James Smoliga is a sports medicine specialist at a university in North Carolina. He has analyzed past data of 39 years pertaining to the "Nathan’s Hotdog Eating" contest and made use of mathematical modeling to project trends. He concluded that a competitor could devour a maximum of 84 hotdogs in the stipulated 10 minutes. Joey “Jaws” Chestnut has already set a world record of 75 in the 2020 event and is now nine short of reaching the limit of human performance as identified by Smoliga. Theoretically, that is. Observers compare this contest with sports events like the four-minute mile and the two-hour marathon.

These appeared to be impossible at one point in time, but someone broke the myth. The Nathan’s Hotdog Eating contest is an annual affair held on the Fourth of July.

The Guardian says the fast-food company, Nathan’s Famous has retained the composition of the hot dogs and size ever since inception for the last 104 years. James Smoliga is a sports medicine specialist at a university in North Carolina. He has analyzed past data pertaining to the annual contest held at Coney Island, New York and he used mathematical modeling to project trends. That way he made a valid comparison between those who compete to bag the honor of devouring the maximum number of the food item.

Normally, in any sport, competitors try to improve upon their performances until they reach a plateau. In the words of James Smoliga, “Hotdog eating has definitely reached that second plateau.”

Interesting history of Nathan’s Hotdog eating contest

In the early years, the honor of eating the maximum number of hot dogs usually went to “big obese guys” who felt themselves to be lucky on the day.

That is the observation of Smoliga. The Guardian reveals the winner in 1984 was a 17-year-old West German judo team member who weighed 130lb. The best part is that he had never eaten a hot dog before that day and he ended up eating nine-and-a-half of them to win the contest. Within a short time, the Japanese came on the scene and by the 1990s, they had changed the complexion of the contest.

In 2001, one of them ate 50 hotdogs to set a new record. As Smoliga says: “It wasn’t just people with big appetites any more.”

Competitors go to any extent to win the hot dog contest

The Guardian describes the extremes contestants go to in order to win the trophy. They followed specific training programs to enhance their capabilities. These included various methods like yoga and breathing exercises that could help to expand the capacity of their stomachs. Joey “Jaws” Chestnut is the winner of 2020 and, it seems, he had undergone a training program for three months to ensure a win. In the opinion of Smoliga, his theoretical maximum of 84 should hold true unless something extraordinary happens. Everyone wants to make a name for himself and winning the hot dog eating contest can make them Celebrities.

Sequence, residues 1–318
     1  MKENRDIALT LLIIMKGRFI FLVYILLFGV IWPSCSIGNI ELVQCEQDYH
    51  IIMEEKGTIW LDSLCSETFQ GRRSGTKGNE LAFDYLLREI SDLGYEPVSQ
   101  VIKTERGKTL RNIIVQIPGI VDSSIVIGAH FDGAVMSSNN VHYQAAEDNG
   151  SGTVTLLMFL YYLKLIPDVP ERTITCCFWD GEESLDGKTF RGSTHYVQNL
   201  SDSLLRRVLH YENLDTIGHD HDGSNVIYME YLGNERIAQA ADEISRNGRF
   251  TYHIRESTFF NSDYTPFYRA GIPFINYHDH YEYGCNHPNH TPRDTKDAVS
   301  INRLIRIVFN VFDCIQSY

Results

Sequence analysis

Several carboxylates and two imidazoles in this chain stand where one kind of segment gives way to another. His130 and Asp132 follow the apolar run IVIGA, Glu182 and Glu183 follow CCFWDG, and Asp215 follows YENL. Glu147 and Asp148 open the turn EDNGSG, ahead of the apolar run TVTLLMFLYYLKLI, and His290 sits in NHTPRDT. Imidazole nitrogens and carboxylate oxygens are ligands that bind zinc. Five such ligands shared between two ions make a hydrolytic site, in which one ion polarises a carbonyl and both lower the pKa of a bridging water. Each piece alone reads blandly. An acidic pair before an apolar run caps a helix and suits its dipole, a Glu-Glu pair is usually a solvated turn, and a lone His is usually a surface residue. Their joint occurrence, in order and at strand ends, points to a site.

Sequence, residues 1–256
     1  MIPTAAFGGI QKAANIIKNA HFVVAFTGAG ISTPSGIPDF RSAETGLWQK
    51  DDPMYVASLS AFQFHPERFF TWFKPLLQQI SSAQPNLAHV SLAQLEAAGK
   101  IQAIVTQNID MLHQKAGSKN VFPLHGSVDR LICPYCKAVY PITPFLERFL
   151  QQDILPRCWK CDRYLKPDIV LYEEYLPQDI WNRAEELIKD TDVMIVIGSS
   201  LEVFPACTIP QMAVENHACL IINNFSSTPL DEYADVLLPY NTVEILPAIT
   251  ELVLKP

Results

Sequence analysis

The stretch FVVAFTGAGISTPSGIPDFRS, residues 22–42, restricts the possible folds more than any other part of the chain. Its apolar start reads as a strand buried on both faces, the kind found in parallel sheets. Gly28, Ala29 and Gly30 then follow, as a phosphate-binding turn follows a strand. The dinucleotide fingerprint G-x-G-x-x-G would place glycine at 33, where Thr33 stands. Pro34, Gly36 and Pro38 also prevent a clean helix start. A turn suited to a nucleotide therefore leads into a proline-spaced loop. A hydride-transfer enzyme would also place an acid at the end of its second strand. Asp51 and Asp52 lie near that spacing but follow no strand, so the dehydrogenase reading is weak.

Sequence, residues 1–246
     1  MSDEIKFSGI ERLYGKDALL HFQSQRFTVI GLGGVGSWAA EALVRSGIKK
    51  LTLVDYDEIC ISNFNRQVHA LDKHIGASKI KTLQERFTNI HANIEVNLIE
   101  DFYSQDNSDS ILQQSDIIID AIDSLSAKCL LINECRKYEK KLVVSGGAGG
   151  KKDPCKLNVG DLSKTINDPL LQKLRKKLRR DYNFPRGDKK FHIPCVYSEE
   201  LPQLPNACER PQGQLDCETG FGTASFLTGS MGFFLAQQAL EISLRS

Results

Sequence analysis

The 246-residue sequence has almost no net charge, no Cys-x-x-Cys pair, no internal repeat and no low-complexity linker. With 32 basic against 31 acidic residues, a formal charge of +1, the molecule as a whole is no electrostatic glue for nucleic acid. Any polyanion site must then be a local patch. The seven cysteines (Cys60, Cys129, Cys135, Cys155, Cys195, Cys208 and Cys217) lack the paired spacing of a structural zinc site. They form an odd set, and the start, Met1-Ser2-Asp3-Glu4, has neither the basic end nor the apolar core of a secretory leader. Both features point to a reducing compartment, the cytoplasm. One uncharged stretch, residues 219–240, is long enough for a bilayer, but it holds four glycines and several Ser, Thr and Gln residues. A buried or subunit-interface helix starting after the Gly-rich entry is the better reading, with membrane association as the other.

This hotdog eating contest is unique

According to Newsweek, a study indicates competitive eaters might have nearly reached the human limit for the number of hotdogs one can eat in 10 minutes. It pertains to a unique competition where contestants have a time limit to devour as many hotdogs as they can. A study conducted by James Smoliga, an expert associated with the Department of Physical Therapy at a university in North Carolina, has put a ceiling on the maximum possible number within 10 minutes.

It boils down to the capacity of one’s stomach and its ability to expand. He also looked at how much humans and carnivores who live on land can eat. His estimate is that a normal person can eat 832 grams (1.83 lbs) of matter over a period of 10 minutes.

He says the amount of food eaten in a given period by humans is comparable to that consumed by grizzly bears but less than that of grey wolves. In conclusion, the expert says: "In summary, data from hot dog eating competitions suggest that there is stunning plasticity in gut capacity."

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